Kevin Hogan
Nancy Parkes

Program description



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Winter and Spring quarters, 8 credits
Mondays 6:00 to 10:00 pm
Alternate Saturdays 9:00 am to 5:00 pm (beginning the first Saturday of the quarter)
Location: A1107 Seminar II

We'll study principles and selected examples of environmental history, including ways in which our 'solutions' to environmental problems have themselves created further problems. We seek to carry out this analysis constructively, to be able to respond better to present and future environmental problems. We will read texts that discuss both ancient and modern examples of environmental problems, and approach these problems from scientific, social, and cultural perspectives.

Questions that will concern us include

  • Was it really better back then?
  • Is anything getting better? Are we solving any problems?
  • What are some of the major ways (processes and specific examples) that human use or modification of the environment has had adverse effects?
  • How can we know how much we can alter the environment before it crashes?
  • What would we like our relationship with the environment to be (in the context of our use of energy, materials and space, and our modification of ecosystem properties)?

Objectives: by the end of the program, students should be able to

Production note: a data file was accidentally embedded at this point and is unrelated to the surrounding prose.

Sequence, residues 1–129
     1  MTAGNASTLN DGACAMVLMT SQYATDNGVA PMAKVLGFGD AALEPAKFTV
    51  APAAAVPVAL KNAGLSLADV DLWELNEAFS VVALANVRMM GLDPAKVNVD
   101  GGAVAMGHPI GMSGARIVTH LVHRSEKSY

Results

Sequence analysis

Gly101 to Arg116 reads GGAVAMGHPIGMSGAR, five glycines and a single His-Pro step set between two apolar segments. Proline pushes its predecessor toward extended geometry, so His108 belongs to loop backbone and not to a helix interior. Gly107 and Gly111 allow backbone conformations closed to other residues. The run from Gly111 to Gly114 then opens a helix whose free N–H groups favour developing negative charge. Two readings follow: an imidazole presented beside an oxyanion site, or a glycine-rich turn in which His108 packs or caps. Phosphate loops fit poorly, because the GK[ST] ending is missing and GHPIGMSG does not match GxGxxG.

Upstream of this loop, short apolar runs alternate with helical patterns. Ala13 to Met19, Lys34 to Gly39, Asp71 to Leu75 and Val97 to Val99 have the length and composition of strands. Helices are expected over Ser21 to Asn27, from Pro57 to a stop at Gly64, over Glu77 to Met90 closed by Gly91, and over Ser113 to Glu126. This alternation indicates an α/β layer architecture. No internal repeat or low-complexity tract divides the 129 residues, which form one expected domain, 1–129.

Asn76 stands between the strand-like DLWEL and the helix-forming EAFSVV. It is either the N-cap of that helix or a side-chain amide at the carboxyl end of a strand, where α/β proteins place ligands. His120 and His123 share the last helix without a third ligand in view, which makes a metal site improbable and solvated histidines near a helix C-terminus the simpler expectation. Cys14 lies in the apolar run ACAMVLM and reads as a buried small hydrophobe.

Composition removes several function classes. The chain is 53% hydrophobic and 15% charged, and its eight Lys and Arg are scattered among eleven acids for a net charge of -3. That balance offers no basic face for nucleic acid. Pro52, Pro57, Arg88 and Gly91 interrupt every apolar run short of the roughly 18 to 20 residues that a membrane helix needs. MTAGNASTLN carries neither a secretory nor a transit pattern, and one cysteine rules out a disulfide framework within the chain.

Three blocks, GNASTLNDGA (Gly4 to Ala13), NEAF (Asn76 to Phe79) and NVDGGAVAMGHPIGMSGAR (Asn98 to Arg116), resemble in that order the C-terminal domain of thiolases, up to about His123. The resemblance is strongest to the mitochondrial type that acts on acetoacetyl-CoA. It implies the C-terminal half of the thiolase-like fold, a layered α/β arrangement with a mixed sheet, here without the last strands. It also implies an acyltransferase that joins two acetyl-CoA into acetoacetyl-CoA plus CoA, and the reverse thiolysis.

• Discuss the ways in which humans over history have modified their environment (general processes and specific examples), and understand the consequences of these modifications.
  • Discuss examples of how lack of foresight has lead to problems, and conversely, how it has sometimes been possible to anticipate problems.
  • Understand how basic scientific principles, such as limits to biological productivity the laws of thermodynamics, act as constraints on how humans interact with their environment.
  • Articulate a vision of what our interaction with the environment should be like, and what specific steps we can begin to take now to achieve that.

Skills: Students are expected to develop their ability to

  • Read, write and speak clearly and critically.
  • Conduct research in the library as well as on the internet.
  • Work collaboratively in a group research project setting.
  • Form critical questions in seminar, writing, and other settings.
  • Apply analytic and quantitative tools, including the interpretation of graphs.
  • Present qualitative and quantitative information orally, in writing, and graphically.


Students joining the program in spring quarter are asked to read The Control of Nature by John McPhee, and also to read a packet of essays that will be handed out at the first class meeting.

For spring quarter, our readings will include:

Something New Under the Sun: An Environmental History of the Twentieth Century World, J.R. McNeill. (selected chapters), W.W. Norton

Restoring Nature: Perspectives from the Social Sciences and Humanities, Island Press, Edited by Paul H. Gobster and R. Bruce Hull

Tigers in the Snow
, Peter Matthiessen, North Point Press

The Future of Life
, Edward O. Wilson

What Are People For?
Essays by Wendell Berry, North Point Press

Additional readings to be distributed in class include book chapters and journal articles on historical, social, and scientific topics relevant to human use of the environment. These will include chapters from Ecological Imperialism: The Biological Expansion of Europe, 900-1900 by Alfred Crosby.